Wikipedia founder responds to pro-alt-med petition; skeptics cheer

Jimmy Wales, photo by Andrew Lih licensed under a CC BY-SA 2.5 license.

Jimmy Wales, photo by Andrew Lih licensed under a CC BY-SA 2.5 license.

Wikipedia’s co-founder Jimmy Wales this week sent a clear signal to skeptics who edit the user-created encyclopedia – he agrees with our focus on science and good evidence.  He did this by responding firmly in the negative to a Change.org petition created by alternative medicine and holistic healing advocates. His response, which referred to paranormalists as “lunatic charlatans”, was widely reported on Twitter.

I’ve been recommending skeptics pay close attention to Wikipedia since the earliest days of this blog, almost six years ago.  Susan Gerbic took up that gauntlet and created her wildly successful Guerrilla Skeptics on Wikipedia project.

In the last year or so, the success of Susan’s project has gotten many paranormal and alternative medicine advocates riled up. They’ve repeatedly floated conspiracy theories that skeptics are somehow rigging the game on Wikipedia, or even bullying opponents off the site. Even personalities like Rupert Sheldrake and Deepak Chopra have gotten involved. None of these accusations have been supported by facts, and both Sheldrake and Chopra have been subsequently embarrassed by their own supporters’ rule-breaking behavior on the service.

With this response, Wales makes clear what I have been saying all along – the rules of evidence on Wikipedia are pro-skeptic and pro-science. If you are pushing an idea that science rejects, Wikipedia will reject it too.  Read on for Wales’ exact words…

Skeptics have battled promoters of pseudoscience and nonsense on Wikipedia since the beginning of the site, long before this blog existed. As a result, the encyclopedia has developed extensive rules regarding evidence and what they call “fringe theories“, to guard against a flood of nonsense. The existence of these rules was one of the reasons I encouraged skeptics (who often are cynical about the accuracy of Internet information) to get involved.

Last year, led in part by Sheldrake, there seemed to be a wave of new complaints about the rules on the service. Much of it seemed to be in the psi or paranormal areas, but alternative medicine and “holistic healing” advocates got involved in December. They created a change.org petition entitled, “Jimmy Wales, Founder of Wikipedia: Create and enforce new policies that allow for true scientific discourse about holistic approaches to healing.” Here’s part of the text:

Wikipedia is widely used and trusted. Unfortunately, much of the information related to holistic approaches to healing is biased, misleading, out-of-date, or just plain wrong. For five years, repeated efforts to correct this misinformation have been blocked and the Wikipedia organization has not addressed these issues.

It continues:

Larry Sanger, co-founder of Wikipedia, left the organization due to concerns about its integrity. He stated: “In some fields and some topics, there are groups who ‘squat’ on articles and insist on making them reflect their own specific biases. There is no credible mechanism to approve versions of articles.”

This is exactly the case with the Wikipedia pages for Energy Psychology, Energy Medicine, acupuncture, and other forms of complementary/alternative medicine (CAM), which are currently skewed to a negative, unscientific view of these approaches despite numerous rigorous studies in recent years demonstrating their effectiveness. These pages are controlled by a few self-appointed “skeptics” who serve as de facto censors for Wikipedia. They clothe their objections in the language of the narrowest possible understanding of science in order to inhibit open discussion of innovation in health care. As gatekeepers for the status quo, they refuse discourse with leading edge research scientists and clinicians or, for that matter, anyone with a different point of view. Fair-minded referees should be given the responsibility of monitoring these important areas.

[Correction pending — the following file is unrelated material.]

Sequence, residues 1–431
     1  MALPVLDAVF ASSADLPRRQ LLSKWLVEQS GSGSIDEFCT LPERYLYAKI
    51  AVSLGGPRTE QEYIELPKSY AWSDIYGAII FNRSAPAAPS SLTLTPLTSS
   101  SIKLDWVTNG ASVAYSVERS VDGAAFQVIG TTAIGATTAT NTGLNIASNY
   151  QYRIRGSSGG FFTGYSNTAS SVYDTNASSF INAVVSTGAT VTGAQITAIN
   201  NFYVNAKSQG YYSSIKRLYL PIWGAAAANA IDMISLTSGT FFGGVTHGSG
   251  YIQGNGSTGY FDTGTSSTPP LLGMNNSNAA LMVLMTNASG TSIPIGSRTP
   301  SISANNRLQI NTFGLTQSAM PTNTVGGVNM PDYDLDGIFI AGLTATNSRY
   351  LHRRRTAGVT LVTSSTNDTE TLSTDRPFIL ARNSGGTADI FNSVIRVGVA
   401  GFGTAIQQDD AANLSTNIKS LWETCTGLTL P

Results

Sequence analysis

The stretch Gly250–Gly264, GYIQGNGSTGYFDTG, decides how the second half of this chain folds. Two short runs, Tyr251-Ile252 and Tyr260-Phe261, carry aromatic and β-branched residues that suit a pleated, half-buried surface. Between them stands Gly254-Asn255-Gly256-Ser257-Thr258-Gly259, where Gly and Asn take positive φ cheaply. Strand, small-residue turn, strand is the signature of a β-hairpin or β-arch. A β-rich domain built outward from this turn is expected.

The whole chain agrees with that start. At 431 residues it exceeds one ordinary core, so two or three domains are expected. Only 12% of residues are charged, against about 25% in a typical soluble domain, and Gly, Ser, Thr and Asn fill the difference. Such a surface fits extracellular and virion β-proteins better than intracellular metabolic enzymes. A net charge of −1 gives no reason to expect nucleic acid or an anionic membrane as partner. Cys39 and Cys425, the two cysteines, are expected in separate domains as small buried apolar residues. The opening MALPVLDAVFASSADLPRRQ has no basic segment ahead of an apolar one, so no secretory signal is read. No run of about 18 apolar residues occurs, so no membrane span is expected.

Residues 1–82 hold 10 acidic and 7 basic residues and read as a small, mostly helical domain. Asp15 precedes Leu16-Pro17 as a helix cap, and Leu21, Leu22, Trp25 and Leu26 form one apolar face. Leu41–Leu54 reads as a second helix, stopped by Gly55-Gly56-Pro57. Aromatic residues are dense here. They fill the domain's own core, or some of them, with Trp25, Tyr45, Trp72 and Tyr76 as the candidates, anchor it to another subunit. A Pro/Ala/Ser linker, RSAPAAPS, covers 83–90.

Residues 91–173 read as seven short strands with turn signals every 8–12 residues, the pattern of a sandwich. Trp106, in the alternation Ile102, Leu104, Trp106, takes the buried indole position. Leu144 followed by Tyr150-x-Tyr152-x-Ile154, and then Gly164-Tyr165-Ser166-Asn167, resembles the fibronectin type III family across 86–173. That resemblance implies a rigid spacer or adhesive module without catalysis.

I pledge not to donate to your fundraising efforts until these changes have been made.

(Emphasis mine).

This petition has dribbled along for several months since it was posted, failing to reach the 10,000 signatures that were sought.  (And, as some have pointed out on Twitter, the wording of this petition was not well chosen. By quoting Larry Sanger, who famously disagreed with Wales early in Wikipedia’s life and quit the project, they were almost sure to antagonize Wales. This tone-deafness and lack of research is not unusual, as skeptics know).

This week Jimmy Wales, the co-founder of Wikipedia who is still Chairman Emeritus of the foundation which runs it, responded with this entirely pro-skeptic answer:

No, you have to be kidding me. Every single person who signed this petition needs to go back to check their premises and think harder about what it means to be honest, factual, truthful.

Wikipedia’s policies around this kind of thing are exactly spot-on and correct. If you can get your work published in respectable scientific journals – that is to say, if you can produce evidence through replicable scientific experiments, then Wikipedia will cover it appropriately.

What we won’t do is pretend that the work of lunatic charlatans is the equivalent of “true scientific discourse”. It isn’t.

(Emphasis mine again).

Paranormalists and pseudoscientists take note: skeptics are not bullying you off Wikipedia. We are only enforcing the rules of evidence as clearly stated on the service. If you cannot provide adequate evidence for your ideas, they will not be accepted. So says Jimmy Wales, so say we all.